Proximity shopping is the new normal

Very Informed Person/ Varun Berry, managing director, Britannia Industries


A century-old company with an annual revenue of more than Rs9,000 crore, Britannia Industries is a household name in India and more than 60 other countries. Its products—ranging from biscuits and bread to beverages and dairy products—are available in five million retail outlets across India.

Our R&D centre in Bengaluru is working on some very exciting innovations.
Our revenue growth can be attributed to the increase in home consumption.
New facilities will increase Britannia’s capacity by 10 to 15 per cent.

For the quarter ended June 30, Britannia posted a net profit of Rs543 crore—more than double what it earned in the corresponding period last year. Managing director Varun Berry, who had joined the company in 2013, has helped the company weather the Covid-19 lockdown. A mechanical engineer by training, he has more than 27 years of experience in companies such as Hindustan Unilever and Pepsico. In an exclusive interview with THE WEEK, he talked about the company’s growth strategy.


How has the pandemic affected the packaged food segment in India?

Some sectors like FMCG have stayed more resilient than others, despite operational challenges. Steady demand kept consumer product companies relevant through this period. Britannia was categorised within the essentials goods category and we were given permissions to operate even during the lockdown. In the initial weeks we were restricted by supply chain blockages, shortage of labour and insufficient transport facilities. We set to iron out the operational hazards.

With people cooking at home and children staying indoors, demand for ready-to-eat and ready-to-cook foods shot up. People were restricting their movements to the neighbourhood grocery stores and stocking up essential supplies. We focused on our staple brands like Good Day, Marie Gold, Milk Bikis and Nutrichoice. With the exception of some of the more ‘on-the-go’ categories, such as salted snacks and dairy drinks, all others saw solid growth.

What factors contributed to your growth in the lockdown period?

In disruptive times like these, consumers seek out brands they trust. So our brand equity proved to be a strong asset. The biggest contribution to [Britannia’s] growth came from our teams across the country. They enabled sales orders in real time, ensuring a close connect with our customers, distributors and retailers.

We facilitated picking up of stocks from distributor points, wherever stocks could not be delivered to retailers. We also facilitated direct supplies to distributors from our warehouses, despite it being a bit expensive [from our] standpoint. Such measures ensured that our products were available in the market ahead of others. We were able to service 100 per cent of our distributors within the first fortnight of the lockdown.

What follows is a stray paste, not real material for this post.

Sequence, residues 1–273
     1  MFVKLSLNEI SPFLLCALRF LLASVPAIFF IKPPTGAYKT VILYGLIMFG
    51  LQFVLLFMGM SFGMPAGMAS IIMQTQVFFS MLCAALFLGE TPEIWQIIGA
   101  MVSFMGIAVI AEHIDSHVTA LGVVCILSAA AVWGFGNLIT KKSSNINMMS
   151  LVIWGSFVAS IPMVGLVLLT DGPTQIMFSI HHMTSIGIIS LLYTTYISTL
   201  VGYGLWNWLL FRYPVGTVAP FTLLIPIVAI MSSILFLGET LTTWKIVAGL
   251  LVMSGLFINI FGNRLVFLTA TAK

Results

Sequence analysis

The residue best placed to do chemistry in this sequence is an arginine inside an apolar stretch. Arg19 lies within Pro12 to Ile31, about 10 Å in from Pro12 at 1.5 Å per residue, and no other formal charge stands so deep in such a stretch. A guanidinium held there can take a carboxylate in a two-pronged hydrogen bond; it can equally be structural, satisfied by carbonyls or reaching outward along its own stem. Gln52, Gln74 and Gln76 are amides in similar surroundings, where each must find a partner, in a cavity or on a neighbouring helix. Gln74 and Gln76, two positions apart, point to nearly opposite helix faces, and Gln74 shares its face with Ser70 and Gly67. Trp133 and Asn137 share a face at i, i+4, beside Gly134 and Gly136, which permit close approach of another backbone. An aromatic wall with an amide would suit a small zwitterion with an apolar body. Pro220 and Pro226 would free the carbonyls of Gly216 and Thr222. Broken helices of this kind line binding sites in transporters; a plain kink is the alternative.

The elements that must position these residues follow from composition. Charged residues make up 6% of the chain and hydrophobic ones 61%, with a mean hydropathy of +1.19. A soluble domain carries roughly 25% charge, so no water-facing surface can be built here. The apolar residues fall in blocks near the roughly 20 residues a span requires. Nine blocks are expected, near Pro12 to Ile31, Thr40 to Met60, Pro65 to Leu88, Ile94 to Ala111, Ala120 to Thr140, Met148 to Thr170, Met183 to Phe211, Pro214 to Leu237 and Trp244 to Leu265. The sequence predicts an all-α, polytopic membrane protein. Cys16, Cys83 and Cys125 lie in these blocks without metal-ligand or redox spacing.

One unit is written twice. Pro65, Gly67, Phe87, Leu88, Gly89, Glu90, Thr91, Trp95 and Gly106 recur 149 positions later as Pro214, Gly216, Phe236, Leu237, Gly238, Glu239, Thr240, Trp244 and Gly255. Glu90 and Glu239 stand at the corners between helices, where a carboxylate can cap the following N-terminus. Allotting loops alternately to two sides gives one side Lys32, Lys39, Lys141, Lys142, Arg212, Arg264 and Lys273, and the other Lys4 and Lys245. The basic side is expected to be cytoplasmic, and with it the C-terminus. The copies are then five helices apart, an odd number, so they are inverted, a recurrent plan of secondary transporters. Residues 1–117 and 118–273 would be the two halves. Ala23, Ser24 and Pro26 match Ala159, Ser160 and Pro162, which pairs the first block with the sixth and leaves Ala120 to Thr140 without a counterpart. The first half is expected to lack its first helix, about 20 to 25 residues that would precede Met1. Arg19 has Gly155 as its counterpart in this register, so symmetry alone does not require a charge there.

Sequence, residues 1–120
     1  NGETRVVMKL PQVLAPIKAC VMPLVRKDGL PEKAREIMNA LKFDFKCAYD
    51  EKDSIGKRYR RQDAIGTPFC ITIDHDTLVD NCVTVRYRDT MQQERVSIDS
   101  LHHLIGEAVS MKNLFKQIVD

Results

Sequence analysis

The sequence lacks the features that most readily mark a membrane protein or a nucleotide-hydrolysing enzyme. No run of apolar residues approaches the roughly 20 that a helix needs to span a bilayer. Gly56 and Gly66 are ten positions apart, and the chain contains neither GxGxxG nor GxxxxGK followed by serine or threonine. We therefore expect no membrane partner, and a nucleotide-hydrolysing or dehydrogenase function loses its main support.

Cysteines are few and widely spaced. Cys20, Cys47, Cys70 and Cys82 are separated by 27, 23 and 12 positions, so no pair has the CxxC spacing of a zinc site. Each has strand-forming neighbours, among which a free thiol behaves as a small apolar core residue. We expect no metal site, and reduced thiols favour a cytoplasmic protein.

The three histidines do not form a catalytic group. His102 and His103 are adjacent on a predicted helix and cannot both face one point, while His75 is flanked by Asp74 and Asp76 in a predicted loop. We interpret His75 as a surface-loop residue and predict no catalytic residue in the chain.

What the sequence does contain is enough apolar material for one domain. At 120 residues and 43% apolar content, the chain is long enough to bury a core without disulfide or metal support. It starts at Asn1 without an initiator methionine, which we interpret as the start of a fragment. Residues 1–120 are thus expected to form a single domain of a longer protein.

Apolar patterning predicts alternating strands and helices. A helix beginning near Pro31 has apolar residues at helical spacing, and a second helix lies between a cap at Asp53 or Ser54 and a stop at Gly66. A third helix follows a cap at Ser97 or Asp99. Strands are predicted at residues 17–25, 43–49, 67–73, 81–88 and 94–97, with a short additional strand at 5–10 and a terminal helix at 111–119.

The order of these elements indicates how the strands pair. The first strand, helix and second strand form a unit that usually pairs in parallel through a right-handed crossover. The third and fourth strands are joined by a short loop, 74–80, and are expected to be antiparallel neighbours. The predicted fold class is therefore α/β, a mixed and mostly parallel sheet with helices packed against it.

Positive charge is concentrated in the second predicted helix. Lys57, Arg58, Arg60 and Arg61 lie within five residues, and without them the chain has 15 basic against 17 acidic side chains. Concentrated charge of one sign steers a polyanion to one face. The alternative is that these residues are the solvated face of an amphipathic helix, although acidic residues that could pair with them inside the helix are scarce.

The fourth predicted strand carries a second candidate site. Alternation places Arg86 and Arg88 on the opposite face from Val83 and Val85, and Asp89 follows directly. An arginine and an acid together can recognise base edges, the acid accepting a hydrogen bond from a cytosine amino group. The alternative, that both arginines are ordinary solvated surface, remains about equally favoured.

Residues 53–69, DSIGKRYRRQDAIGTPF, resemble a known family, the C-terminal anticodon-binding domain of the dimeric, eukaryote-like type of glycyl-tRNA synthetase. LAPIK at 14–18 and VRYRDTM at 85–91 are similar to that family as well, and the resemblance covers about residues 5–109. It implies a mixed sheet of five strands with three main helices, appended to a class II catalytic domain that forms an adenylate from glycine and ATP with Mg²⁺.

Quick digital interventions were also key. We partnered with Dunzo and launched a ‘Britannia Essentials Store’ to enable seamless delivery of products. We also launched a WhatsApp-based store locator service. These timely tech solutions helped us respond swiftly to the surge in demand.

Have things stabilised on the production front?

We were quick off the block to resume production and the labour situation has been streamlined. We are producing to capacity now and meeting demand across all geographies.

What new products are in the pipeline?

Our R&D centre in Bengaluru is working on some very exciting innovations. In the next six months or so, we will look at launching products that cater to the demand for health and boosting immunity. These will be in the biscuits and dairy segments.

What kind of new normal are you expecting in the processed food segment?

Our revenue growth in Q1 this year can be attributed in large measure to the increase in home consumption. In the last couple of months, we have seen unprecedented growth for highly salient brands such as Good Day, Marie Gold, and Milk Bikis. Our cheese portfolio is also riding the trend of in-home cooking, and we are doing a YouTube series with Saif Ali Khan on [making] cheese-based dishes.

Increased home food consumption, coupled with an increased interest in health and immunity products, would be here to stay. Consumer preference for proximity shopping [will be] the new normal. Neighbourhood mom-and-pop stores have always been the backbone of India’s retail economy. They have ensured a steady supply of essentials in the country. E-commerce is also emerging as a grocery platform of choice, predominantly in cities.

What new expansion initiatives are you planning?

We are looking at a capital expenditure of around Rs700 crore over the next two and a half years [to build] greenfield facilities and expand capacities in our existing plant in Ranjangaon, Maharashtra. New manufacturing facilities are also being planned in Uttar Pradesh, Tamil Nadu, Bihar and Odisha. These new facilities will increase Britannia’s capacity by 10 to 15 per cent. We have also mapped an additional Rs300 crore for new launches.

What are your interests and hobbies, and how do you spend your free time?

I enjoy a good game of golf, as it helps me re-centre and focus on the day’s priorities. Also being a movie buff, I enjoy some quiet downtime in a fully-fitted home theatre.

When I joined Britannia in 2013, there was a lot of anticipation. With a remarkable team by my side, we have been able to transform the company into a leading global total foods company. Agility, adaptability, consistency and resilience are the traits I hone in the team. Safeguarding consumer trust and delighting them with good products are our endeavour.